Plastic Bag Ban Intro

Every ordinance begins with an introduction, no matter the subject of the ordinance. The following introduction was created by the Tompkins County Environmental Management Agency of Tompkins County, New York.

It is very fitting and states the essence of most plastic bag bans. It could be a model for other cities, counties or states. I felt the need to share it.

A LOCAL LAW TO PROTECT AND ENHANCE THE PHYSICAL AND VISUAL ENVIRONMENT BY LIMITING THE POLLUTION CAUSED BY SINGLE-USE CARRY-OUT PLASTIC BAGS

Whereas, more than 100 billion polyethylene retail carrier bags are produced for the U.S. market annually (U.S. International Trade Commission report, May 2009, Table C- 1, p. 131-132) with a very low percentage of these being recycled,

Whereas, improper disposal results in plastic bags becoming windblown through our streets, parks, and beaches, clogging our storm drains and sewers, and degrading our soils and water ways,

Whereas, those plastic bags that are blown or washed into our water ways may threaten the lives of avian and marine species through entanglement, choking, or by toxicity,

Whereas, while plastic bags when landfilled do not biodegrade and remain intact for many decades, those that remain in the environment photo-degrade into very small particles that may be consumed by wildlife thus diminishing and contaminating a part of our food chain,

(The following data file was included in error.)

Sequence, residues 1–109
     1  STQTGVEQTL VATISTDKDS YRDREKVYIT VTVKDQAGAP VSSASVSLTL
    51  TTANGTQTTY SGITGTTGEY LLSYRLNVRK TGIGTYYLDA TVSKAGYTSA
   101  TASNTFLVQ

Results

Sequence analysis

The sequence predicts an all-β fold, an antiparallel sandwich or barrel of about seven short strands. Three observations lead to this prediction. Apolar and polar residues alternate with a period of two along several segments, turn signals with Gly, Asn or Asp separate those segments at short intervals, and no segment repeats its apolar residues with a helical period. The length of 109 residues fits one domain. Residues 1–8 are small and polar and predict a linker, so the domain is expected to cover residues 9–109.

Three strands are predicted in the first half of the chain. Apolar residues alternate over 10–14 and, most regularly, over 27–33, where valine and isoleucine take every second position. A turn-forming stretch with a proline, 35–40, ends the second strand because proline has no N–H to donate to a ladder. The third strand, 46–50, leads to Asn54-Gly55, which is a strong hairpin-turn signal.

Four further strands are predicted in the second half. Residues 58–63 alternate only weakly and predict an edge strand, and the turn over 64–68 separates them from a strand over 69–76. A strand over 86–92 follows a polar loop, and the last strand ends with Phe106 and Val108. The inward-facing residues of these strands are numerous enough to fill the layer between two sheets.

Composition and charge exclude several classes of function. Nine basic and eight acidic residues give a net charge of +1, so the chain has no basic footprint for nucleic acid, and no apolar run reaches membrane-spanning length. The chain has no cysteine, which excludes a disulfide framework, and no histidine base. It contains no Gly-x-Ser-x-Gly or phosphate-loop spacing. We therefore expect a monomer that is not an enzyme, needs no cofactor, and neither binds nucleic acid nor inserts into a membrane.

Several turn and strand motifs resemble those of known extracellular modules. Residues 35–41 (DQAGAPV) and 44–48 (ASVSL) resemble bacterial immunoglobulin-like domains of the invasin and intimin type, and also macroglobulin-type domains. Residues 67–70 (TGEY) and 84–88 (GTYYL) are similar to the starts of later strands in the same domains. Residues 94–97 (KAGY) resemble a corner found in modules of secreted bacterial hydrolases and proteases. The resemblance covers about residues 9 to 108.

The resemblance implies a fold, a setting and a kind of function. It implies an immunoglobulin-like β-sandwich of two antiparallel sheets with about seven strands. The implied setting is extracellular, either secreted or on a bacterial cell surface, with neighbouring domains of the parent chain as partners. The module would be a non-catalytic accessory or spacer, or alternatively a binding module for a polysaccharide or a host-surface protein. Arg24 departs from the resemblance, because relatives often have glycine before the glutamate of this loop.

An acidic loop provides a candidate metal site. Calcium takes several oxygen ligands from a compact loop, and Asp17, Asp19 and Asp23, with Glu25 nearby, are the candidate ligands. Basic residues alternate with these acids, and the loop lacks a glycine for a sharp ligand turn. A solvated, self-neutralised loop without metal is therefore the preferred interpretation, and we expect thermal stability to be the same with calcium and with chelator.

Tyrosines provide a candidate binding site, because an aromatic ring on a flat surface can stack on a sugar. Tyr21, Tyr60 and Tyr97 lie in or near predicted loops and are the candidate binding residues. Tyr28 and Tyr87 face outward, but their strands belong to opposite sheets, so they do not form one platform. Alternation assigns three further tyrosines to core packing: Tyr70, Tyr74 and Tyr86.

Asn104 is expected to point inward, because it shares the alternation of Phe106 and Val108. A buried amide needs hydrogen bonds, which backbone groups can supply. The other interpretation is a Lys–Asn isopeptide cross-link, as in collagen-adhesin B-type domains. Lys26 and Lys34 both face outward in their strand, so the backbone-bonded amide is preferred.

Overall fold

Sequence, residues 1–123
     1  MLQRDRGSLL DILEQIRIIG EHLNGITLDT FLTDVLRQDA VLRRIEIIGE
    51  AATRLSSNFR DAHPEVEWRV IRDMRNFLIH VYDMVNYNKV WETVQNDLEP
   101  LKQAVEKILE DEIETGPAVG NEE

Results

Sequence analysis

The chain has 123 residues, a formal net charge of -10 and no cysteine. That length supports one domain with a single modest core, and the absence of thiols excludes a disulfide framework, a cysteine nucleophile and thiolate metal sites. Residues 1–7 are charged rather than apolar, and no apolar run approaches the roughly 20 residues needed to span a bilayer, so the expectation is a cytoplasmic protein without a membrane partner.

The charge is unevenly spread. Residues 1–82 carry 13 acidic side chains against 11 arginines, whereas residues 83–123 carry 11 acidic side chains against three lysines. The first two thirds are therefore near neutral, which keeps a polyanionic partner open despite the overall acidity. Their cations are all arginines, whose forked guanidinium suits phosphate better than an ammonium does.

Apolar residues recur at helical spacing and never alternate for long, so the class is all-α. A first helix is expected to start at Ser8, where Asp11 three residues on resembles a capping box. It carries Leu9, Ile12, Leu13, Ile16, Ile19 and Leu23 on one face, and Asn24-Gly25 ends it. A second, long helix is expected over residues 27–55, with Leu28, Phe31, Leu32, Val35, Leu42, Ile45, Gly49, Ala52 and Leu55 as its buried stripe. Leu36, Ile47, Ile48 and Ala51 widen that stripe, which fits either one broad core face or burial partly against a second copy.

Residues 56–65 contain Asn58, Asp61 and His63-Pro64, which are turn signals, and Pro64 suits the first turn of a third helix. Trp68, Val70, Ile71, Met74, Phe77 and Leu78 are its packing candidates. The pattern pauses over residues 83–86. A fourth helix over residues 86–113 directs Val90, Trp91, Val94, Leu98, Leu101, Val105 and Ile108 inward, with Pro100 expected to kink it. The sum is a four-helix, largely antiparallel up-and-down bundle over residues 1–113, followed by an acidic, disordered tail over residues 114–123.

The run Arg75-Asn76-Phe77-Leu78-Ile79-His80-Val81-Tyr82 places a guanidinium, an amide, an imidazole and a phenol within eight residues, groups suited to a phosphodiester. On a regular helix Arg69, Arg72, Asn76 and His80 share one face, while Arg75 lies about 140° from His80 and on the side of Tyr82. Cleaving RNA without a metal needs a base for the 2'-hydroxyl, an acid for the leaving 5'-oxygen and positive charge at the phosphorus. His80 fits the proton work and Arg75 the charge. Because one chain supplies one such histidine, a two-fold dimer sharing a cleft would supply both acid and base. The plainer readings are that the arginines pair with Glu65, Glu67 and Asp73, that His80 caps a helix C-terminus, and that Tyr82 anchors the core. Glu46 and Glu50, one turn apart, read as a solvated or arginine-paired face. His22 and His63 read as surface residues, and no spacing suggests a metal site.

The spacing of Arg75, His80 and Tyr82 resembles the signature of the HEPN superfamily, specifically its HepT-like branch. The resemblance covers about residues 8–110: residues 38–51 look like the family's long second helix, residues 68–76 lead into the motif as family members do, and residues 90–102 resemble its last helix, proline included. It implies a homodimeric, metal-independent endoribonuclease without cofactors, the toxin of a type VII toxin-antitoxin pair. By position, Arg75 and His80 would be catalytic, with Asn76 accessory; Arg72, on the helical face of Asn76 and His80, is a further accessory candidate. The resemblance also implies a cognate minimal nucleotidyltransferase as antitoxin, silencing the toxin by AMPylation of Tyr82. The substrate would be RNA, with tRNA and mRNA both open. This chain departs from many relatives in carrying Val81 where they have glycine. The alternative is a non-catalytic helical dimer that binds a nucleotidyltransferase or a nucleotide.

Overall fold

Whereas, fugitive plastic products have created vast wastelands (gyres) in our oceans where the thousands of pieces of plastic often out-number, and mimic, the plankton available for consumption by wildlife,

Whereas, locally, plastic bags must be screened out of yard waste collections, have contaminated food scrap composting facilities, and have jammed the mechanical parts of recycling bailers and sewage treatment systems,

Whereas, single use plastics such as styrofoam, clamshell containers, and plastic bags, are unsustainable products being manufactured from petroleum and natural gas. The energy used in the production and transportation of plastic bags (including for recycling) result in unnecessary natural resource consumption and increased greenhouse gas emissions,

Whereas, the impacts of plastic bag use and pollution have ignited a global movement to dramatically reduce the amount of disposable plastic bags distributed,

Whereas, more than 80 jurisdictions in the United States now have legislation limiting the free distribution of single use plastic bags including several municipalities in New York State,